Randall Grahm Heads to Washington

Randall Grahm Heads to Washington

Randall Grahm, known as “God” by those who work for him, announced on Monday that he had sold his Big House and Cardinal Zin brands to the Wine Group LLC, a management owned wine company based in San Francisco. The Big House and Cardinal Zin brands will become part of The Wine Group’s newly formed Underdog Wine Merchants division, which currently includes such tongue stoppers as Pinot Evil, Tempra Tantrum, Killer Juice and Herding Cats.

The Big House wines, available in white, pink and red, account for roughly half of total Bonny Doon sales. They sell about 200,000 cases annually; Cardinal Zin, a single bottling with a memorable label illustration from Ralph Steadman, sells about 20,000 cases annually.

The two brands, which have been experiencing double digit growth since the switch to screwcaps, have “stressed our own resources and infrastructure to the max,” according to Grahm. Calling it “Doonsizing” rather than downsizing, he went on to say that “this sale allows us to return to our roots, as it were, and refocus on the production of unique and distinctive, biodynamically produced wines. I have been raving on long enough about the transcendental value of terroir; it is now time to translate mere words into deeds.”

The Bonny Doon brand will focus exclusively on estate wines, biodynamically farmed, and will produce about 50,000 cases annually. But the real story, hidden in the news of the sale, is the plan to split off a separate company, called Pacific Rim, and headquarter it in Washington state.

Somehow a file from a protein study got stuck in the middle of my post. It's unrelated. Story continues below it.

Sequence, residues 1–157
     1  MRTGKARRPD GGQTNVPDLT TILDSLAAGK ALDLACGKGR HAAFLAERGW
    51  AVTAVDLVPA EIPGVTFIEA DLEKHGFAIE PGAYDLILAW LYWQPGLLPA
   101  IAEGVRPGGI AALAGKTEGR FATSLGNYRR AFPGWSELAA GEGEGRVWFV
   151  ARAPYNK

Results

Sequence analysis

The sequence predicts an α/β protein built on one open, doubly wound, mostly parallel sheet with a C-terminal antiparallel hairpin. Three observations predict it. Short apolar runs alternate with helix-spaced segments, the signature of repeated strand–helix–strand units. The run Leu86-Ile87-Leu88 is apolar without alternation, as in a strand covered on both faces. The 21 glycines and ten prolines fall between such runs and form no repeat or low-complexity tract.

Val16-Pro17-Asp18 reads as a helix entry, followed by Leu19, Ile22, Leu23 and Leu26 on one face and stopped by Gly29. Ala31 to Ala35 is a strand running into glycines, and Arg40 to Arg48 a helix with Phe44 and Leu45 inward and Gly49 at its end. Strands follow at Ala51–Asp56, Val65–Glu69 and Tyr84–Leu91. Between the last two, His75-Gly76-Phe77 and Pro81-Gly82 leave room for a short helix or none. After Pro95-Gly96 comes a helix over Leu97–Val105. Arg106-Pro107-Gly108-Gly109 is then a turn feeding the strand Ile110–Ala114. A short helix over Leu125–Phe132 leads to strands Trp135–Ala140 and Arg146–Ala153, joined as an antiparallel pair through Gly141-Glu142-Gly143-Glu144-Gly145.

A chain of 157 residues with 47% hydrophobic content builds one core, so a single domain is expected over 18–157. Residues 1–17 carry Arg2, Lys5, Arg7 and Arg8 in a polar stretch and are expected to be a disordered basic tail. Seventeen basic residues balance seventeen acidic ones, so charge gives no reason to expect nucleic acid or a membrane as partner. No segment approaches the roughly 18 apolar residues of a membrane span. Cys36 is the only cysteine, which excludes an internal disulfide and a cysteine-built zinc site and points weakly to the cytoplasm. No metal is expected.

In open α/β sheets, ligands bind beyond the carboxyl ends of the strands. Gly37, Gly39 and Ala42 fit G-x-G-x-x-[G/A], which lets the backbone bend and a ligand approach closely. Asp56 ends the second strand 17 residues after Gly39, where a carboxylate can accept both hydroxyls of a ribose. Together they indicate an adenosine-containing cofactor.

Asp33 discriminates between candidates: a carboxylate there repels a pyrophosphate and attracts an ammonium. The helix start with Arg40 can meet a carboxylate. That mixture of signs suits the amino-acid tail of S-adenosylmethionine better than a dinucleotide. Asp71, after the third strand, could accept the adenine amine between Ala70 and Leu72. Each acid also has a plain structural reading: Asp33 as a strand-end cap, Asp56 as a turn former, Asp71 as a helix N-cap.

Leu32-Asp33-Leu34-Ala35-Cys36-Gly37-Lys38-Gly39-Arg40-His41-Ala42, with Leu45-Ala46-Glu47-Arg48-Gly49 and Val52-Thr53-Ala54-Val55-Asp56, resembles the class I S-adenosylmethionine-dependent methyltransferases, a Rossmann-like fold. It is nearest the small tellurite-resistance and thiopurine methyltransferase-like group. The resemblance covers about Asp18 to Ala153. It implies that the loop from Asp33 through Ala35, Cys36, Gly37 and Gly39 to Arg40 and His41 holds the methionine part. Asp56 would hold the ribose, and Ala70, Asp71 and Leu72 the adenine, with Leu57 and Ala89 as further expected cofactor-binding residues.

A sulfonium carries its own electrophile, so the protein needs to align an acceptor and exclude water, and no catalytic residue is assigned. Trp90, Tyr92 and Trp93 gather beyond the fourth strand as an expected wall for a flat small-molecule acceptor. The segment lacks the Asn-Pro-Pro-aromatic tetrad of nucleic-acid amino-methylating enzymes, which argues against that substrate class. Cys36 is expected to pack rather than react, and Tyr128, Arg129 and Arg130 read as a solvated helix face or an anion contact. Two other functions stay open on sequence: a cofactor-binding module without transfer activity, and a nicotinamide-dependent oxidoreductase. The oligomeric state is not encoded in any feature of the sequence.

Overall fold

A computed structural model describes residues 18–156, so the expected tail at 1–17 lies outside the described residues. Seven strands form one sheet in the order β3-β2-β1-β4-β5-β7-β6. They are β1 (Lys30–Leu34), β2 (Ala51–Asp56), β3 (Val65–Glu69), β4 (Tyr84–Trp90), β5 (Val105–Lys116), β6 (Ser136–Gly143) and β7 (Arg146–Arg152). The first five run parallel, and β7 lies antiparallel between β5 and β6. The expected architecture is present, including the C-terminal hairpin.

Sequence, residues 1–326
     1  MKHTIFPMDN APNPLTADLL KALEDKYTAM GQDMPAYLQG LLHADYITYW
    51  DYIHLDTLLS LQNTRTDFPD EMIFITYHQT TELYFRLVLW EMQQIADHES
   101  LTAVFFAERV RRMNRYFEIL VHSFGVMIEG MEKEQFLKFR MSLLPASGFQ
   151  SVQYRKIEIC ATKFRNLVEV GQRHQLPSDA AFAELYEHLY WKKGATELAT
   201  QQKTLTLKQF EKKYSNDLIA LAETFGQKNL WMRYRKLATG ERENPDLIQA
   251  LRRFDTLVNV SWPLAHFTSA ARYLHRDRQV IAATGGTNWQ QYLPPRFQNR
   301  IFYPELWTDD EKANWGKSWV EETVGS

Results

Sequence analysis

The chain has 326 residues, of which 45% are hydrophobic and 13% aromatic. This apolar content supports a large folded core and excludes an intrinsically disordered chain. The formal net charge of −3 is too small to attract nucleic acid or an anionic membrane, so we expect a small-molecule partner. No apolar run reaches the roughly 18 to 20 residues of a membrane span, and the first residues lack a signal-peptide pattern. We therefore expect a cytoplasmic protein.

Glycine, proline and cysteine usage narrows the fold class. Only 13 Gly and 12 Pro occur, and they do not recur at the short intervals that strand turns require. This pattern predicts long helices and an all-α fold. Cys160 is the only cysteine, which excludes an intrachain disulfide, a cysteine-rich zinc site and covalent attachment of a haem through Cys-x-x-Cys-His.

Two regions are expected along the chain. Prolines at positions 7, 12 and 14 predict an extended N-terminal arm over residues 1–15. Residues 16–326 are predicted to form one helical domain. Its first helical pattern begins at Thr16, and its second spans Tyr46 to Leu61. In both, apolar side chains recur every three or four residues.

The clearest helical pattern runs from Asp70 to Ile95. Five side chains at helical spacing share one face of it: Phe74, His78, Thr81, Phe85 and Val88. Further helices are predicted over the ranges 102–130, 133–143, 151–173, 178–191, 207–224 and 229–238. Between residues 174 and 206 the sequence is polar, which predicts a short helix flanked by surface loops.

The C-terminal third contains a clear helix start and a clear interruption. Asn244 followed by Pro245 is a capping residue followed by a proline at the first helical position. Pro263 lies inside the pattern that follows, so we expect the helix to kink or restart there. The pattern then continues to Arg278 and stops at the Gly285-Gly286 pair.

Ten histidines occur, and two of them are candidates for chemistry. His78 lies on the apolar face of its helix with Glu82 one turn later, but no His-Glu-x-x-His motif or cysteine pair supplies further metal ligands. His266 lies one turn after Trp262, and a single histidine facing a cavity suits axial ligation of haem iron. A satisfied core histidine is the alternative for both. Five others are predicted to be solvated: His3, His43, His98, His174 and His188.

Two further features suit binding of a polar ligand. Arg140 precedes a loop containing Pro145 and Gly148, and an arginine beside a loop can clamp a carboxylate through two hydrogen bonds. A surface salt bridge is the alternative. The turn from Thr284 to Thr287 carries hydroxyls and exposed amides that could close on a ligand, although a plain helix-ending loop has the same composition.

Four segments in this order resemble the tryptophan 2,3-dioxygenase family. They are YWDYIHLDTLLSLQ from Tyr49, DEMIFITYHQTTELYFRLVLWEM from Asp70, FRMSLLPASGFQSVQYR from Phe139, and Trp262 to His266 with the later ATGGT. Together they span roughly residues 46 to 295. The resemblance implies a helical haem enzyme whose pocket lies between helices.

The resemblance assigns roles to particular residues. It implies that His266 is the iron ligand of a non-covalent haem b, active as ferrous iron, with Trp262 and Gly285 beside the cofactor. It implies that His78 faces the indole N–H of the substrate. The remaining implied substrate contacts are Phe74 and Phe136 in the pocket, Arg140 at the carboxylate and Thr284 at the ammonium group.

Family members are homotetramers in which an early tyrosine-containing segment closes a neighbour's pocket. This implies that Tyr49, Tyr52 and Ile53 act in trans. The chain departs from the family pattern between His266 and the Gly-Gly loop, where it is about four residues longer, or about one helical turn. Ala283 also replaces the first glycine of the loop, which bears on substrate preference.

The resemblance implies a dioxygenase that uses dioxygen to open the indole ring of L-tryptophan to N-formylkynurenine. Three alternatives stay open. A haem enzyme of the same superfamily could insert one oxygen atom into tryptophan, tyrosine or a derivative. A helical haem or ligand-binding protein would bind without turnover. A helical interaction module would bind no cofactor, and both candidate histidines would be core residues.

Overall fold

In an exclusive Wine Enthusiast interview, Nicolas Quillé, Bonny Doon’s Chief Operating Officer (“I am number two after God” he explains), revealed that Grahm has long term contracts with two Washington vineyards and will harvest the first fruit this fall. “Pacific Rim will be a growth focused company,” says Quillé, “focusing on Riesling and eventually adding a few other wines, specifically Chenin Blanc and a lighter red.” Plans are to begin production at about 120,000 cases.

The 120 acre Wallula vineyard is planted to several different Riesling clones and is half organic, half biodynamically farmed. The 100 acre Desert Hills vineyard is all Riesling also, conventionally farmed. Quillé, who spent eight years at Washington‘s Hogue Vineyards, is actively searching for land to build a winery and tasting room, most likely in the burgeoning Prosser area.

Pacific Rim, which blends one quarter Mosel Riesling in with its Washington grown fruit, will ramp up from 75,000 to 100,000 cases this year. “Our plan is to continue to do 75 percent Northwest and 25 percent Europe blend,” says Quillé. “We’re thinking about extending that to Chenin Blanc by blending in some Loire juice; and possibly the same when we launch our red wines.”

Published on August 3, 2006

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